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By Sarah Payne
Glass – January 18th – This month, the sequel to M. Night Shyamalan’s movies Split (2016) and Unbreakable (2000) finally hits theaters. Though I enjoyed each prequel, I enjoyed them independent of each other. I have mixed feelings about Shyamalan combining universes. It feels a little like The Avengers – how focusing on so many characters at once means as a viewer you never get to delve too deep into any one character. In fact, Shyamalan told Digital Spy last year that his first pass at the film was more than three hours long. I’m not really surprised, considering his focus on three separate “superheroes.” He also told Digital Spy that Glass has been his most difficult movie to make in his career. “It’s super ambitious for its budget and the days. There was a lot of people and a lot of characters to arc.” Need I mention that Shyamalan has a history of being overly ambitious and failing terribly – i.e. The Village (44% on Rotten Tomatoes) and Lady in the Water (25% on Rotten Tomatoes)? I’m also skeptical about this movie, just considering the fact that it’s been in postproduction for more than a year. That’s never a good sign, especially if the later release disqualifies the film for this year’s Oscar season.
Wanderlust – What most impressed me about this six-episode original drama on Netflix is that it immediately drew me in, despite the fact that the subject is a bit outside the usual for me. Starring Toni Collette as Joy, it follows the story of a middle-aged British couple with grown children who decide to try an open marriage instead of getting a divorce. The premise might sound risqué and flashy, but Wanderlust is actually quite thoughtful and moving. I enjoy the fact that the series focuses on several different couples at once, all connected in some way to the two main characters (similar to Love Actually). Joy is a psychiatrist, and the whole series explores the idea that our past experiences and trauma have a profound impact on our ability to form healthy relationships with our partners. As viewers, we slowly find out more about Joy’s past, which begins to explain her behavior. I’ll admit that the show almost lost me halfway through episode five, which is essentially one long, continuous therapy session. It’s tedious and uncomfortable, but the show turns a corner in that moment and changes trajectory in a really interesting way.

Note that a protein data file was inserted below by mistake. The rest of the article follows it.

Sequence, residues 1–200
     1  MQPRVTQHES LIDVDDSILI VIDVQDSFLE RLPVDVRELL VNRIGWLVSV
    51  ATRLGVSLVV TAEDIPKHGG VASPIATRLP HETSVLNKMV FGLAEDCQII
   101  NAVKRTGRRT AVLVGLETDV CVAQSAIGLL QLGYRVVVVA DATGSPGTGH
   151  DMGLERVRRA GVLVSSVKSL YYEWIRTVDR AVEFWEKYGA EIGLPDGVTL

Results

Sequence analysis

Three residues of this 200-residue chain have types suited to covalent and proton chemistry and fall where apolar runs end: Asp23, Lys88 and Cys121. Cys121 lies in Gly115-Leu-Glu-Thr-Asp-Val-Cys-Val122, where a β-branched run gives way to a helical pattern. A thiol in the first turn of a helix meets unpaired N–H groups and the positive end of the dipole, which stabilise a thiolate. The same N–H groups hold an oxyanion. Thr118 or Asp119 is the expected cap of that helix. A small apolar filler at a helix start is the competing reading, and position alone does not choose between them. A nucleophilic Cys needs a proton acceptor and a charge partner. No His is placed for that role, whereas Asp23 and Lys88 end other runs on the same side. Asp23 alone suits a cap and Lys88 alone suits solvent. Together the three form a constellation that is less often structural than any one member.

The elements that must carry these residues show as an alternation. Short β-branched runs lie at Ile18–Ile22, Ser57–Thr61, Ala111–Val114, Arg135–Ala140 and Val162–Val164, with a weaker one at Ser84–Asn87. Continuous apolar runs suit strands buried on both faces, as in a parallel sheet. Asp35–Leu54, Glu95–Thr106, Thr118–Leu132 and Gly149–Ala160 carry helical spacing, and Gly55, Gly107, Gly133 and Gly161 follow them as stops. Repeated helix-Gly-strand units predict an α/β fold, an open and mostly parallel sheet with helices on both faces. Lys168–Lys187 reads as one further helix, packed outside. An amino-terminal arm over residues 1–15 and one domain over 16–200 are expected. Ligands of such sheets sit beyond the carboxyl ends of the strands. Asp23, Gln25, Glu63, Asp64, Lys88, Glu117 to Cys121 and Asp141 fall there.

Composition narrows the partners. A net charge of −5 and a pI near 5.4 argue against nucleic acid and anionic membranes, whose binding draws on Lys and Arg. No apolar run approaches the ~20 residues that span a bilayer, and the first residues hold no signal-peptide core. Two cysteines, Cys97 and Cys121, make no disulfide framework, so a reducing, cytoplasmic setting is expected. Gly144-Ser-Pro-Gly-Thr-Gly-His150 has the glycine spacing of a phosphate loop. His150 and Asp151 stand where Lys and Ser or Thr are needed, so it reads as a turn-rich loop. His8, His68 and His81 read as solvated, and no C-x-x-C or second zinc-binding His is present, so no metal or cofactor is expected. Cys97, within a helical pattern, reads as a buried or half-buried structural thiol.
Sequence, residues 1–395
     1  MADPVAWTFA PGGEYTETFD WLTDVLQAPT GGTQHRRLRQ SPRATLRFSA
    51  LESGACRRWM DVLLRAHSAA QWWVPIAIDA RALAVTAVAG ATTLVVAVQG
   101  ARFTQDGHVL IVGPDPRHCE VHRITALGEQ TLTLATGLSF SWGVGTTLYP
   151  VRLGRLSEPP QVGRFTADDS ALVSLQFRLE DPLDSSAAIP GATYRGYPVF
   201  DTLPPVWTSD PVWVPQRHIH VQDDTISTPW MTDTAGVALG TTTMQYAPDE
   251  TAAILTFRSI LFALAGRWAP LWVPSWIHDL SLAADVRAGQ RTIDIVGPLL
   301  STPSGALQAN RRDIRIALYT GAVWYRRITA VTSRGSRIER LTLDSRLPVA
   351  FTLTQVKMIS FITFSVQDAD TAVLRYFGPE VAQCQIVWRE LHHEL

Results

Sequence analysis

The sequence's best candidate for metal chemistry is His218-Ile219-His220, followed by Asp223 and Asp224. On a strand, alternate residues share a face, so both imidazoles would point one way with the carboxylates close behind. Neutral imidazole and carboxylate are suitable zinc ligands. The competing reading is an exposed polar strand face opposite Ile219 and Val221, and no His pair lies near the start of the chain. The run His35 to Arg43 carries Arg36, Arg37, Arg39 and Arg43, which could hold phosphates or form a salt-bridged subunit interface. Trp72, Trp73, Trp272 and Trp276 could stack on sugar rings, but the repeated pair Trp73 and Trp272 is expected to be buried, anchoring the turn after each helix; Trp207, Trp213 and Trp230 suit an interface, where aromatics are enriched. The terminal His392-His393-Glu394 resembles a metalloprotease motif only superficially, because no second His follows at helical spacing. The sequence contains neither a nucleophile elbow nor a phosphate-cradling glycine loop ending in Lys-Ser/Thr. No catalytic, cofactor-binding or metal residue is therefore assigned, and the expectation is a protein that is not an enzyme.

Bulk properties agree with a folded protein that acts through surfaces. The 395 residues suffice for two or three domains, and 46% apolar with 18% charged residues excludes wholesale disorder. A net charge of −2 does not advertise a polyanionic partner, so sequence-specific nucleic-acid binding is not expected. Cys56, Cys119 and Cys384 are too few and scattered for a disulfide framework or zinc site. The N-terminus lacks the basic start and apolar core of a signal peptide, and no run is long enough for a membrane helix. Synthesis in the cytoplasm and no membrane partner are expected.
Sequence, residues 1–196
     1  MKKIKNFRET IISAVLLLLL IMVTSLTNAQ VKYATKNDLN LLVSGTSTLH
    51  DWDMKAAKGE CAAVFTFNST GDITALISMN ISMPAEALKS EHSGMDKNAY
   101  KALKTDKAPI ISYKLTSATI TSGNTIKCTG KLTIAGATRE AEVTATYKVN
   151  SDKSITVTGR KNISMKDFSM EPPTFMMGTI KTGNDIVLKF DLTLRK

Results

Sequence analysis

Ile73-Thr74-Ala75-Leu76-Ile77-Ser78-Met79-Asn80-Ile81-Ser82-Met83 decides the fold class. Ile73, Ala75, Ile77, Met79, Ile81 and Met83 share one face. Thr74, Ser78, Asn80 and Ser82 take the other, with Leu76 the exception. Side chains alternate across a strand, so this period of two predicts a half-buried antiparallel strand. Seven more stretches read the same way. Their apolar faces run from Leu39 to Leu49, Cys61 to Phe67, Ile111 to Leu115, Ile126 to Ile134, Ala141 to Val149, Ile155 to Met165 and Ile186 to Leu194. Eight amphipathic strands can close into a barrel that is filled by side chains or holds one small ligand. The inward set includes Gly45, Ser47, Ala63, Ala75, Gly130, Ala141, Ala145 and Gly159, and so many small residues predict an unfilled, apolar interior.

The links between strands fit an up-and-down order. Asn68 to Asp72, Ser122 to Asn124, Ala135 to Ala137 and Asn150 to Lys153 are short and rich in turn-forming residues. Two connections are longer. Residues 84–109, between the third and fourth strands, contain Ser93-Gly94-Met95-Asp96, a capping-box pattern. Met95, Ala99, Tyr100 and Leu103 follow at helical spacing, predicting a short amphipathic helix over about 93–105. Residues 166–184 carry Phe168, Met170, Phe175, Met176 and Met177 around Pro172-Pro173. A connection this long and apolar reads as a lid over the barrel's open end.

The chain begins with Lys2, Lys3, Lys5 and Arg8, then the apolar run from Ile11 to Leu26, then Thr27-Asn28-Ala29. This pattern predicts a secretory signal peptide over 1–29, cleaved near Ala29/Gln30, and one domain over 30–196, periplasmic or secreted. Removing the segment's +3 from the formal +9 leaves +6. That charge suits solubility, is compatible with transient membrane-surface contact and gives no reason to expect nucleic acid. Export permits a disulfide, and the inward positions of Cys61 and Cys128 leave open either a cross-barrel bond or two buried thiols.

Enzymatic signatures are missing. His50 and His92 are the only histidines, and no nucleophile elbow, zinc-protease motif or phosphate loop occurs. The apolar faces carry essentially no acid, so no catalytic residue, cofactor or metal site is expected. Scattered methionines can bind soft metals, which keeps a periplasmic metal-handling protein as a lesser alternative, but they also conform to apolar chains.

Instant Family – You know how the saying goes, “Don’t judge a book by its cover?” I was totally guilty of that when it came to Instant Family. I saw Mark Wahlberg in the trailer and immediately dismissed it as another silly comedy (though his movie Daddy’s Home was quite fun). Truthfully, I only saw the movie in theaters because I was desperate to get out of the house and see anything that was playing. But I was wrong (I love when that happens) and Instant Family is actually very heartwarming. And for me, it was educational. It opened my eyes not only to the flaws in the foster care system, but also to the unbelievable generosity and love that foster parents give their children. I only have one little one, and she shares my DNA. It’s hard to imagine suddenly bringing three nearly-grown children into my home. Loving and patient foster parents are real-life superheroes. Mark Wahlberg and Rose Byrne also have great chemistry with each other and with their three foster kids in the film. And don’t worry, there are plenty of laughs in Instant Family, too. One of the big takeaways for me is life is tough enough, so why not have a sense of humor about it?